Bagasse is the residue left over after sap extraction from crushed sugar cane stalks. Approximately 320 kg of bagasse is produced per metric ton of processed sugar cane (Lee and Mariatti 2007). Meanwhile, it is one of the most important agricultural fiber and lignocellulosic wastes. It is regularly cultivated in tropical countries, specifically, Brazil, India, Cuba, and some areas of Iran (FAO 2006). Approximately 3,4 million tons of bagasse is produced annually in Iran (Najafi et al. 2009). Today, bagasse is used sustainably as a major raw material for fuel, as well as for pulp and paper production, in addition to being a reinforcement material in value-added composite panel production (Lee and Mariatti 2007).

The environmental problem nowadays is a factor of extreme importance in the industrial world, particularly in the case of plastic processing companies, as efforts are mainly focused on the reduction and recycling of wastes generated during transformation processes and also after product end use (Chianelli-Junior et al. 2013).

Nanoscience and nanotechnology have opened up a new way of developing WPCs (Lu et al. 2006). In particular, nanotechnology offers ways to improve the mechanical and physical properties of WPCs using nano-sized fillers (Ashori and Nourbakhsh 2009). The use of small amounts of montmorillonite-structured clays is enough to improve the overall properties of a polymer matrix at a relatively low cost (Pascual et al. 2009, Ratnayake and Haworth 2006). Wu et al. 2007, have claimed that the addition of only 2% nanoclay to a spruce HDPE wpc will increase the flexural strength and tensile strength by 24% and 13%, respectively. The incorporation of NC in the composites further reduces the impact and tensile strength, lower elongation, and increases the modulus of both the nanocomposites and the composites with PE matrix. However, NC would improve the water absorption and water loss of PE composites. Surfactants play an important role in this function by their morphological structures as well as chemical reactions (Gu et al. 2010). Wang et al. 2005, studied the thermal properties, mechanical, and morphological of composites reinforced with nanoclay particles. They found that these fillers cause better dispersion of the particles in the polymerized matrix and raise the tensile modulus, tensile strength, and hardness of the composite due to their exfoliated structure. The aim of this study was to investigate the effect of montmorillonite clays on the morphological and mechanical properties of WPCs.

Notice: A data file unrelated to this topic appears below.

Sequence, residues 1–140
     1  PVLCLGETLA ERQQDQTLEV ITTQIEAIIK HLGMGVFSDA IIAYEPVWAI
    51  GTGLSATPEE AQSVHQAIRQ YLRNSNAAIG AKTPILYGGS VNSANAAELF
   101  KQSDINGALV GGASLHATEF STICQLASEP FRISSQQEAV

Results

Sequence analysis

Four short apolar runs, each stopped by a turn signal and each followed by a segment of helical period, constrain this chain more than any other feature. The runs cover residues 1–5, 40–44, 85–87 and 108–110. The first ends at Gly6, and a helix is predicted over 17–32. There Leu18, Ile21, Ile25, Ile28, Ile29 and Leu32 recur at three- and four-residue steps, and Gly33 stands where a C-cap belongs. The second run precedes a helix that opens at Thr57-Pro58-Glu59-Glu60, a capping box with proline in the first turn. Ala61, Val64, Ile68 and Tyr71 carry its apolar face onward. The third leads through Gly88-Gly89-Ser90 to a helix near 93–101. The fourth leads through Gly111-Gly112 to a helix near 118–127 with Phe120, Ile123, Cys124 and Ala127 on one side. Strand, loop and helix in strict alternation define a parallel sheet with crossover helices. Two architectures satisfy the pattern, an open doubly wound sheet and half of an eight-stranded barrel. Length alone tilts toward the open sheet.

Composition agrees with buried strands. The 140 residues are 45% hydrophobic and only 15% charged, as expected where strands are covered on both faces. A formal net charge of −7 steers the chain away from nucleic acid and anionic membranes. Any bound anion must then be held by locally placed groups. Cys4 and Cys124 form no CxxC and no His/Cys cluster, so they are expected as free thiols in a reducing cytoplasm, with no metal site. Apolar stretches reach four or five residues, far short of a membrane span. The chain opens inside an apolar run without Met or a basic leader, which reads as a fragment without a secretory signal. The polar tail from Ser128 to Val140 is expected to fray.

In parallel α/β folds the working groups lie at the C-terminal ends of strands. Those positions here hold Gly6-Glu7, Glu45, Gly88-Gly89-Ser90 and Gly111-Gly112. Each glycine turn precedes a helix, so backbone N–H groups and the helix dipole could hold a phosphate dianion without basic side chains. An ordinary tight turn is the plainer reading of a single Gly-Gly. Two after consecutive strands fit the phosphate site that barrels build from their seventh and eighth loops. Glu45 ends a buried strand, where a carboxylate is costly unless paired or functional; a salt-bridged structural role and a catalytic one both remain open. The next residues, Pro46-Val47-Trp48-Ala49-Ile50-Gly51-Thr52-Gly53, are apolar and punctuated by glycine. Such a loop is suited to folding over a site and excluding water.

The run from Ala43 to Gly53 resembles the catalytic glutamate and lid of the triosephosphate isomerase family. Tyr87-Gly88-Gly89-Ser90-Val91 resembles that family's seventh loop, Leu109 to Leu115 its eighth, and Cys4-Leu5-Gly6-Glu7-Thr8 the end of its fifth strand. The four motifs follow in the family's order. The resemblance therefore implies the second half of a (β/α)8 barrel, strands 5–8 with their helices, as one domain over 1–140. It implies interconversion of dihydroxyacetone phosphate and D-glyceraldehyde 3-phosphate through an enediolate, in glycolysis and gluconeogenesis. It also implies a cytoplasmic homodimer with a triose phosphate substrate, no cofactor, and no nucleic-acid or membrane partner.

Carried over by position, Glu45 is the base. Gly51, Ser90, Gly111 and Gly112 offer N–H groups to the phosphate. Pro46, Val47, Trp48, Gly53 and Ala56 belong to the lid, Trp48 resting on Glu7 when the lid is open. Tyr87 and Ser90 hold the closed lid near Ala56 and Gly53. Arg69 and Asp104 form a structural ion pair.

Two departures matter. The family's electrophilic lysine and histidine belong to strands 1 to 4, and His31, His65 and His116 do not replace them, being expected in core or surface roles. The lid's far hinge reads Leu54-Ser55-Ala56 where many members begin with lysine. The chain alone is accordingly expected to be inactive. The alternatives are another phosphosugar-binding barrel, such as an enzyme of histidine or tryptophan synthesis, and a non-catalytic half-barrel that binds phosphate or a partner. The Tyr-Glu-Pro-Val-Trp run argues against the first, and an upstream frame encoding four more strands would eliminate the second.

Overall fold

EXPERIMENTAL

Materials Natural Fiber

The bagasse flour was received from a manufacture (Dez Choob-Plastic Company, Khozestan, Iran). Particles pass through a 40 mesh and retained on 70 mesh was used.

Polymer

The polymer matrix high density polyethylene (HDPE) with trade name 5620 was supplied by Arak Petrochemical Company in Iran. It had a density of 0,956 g/cm3 and a melt flow index (MFI) (190°C/2,16 kg) of 20 g/10 min. Then HDPE was recovered twice. In a twin-screw extruder at a temperature of 180 °C and speed 100 rpm.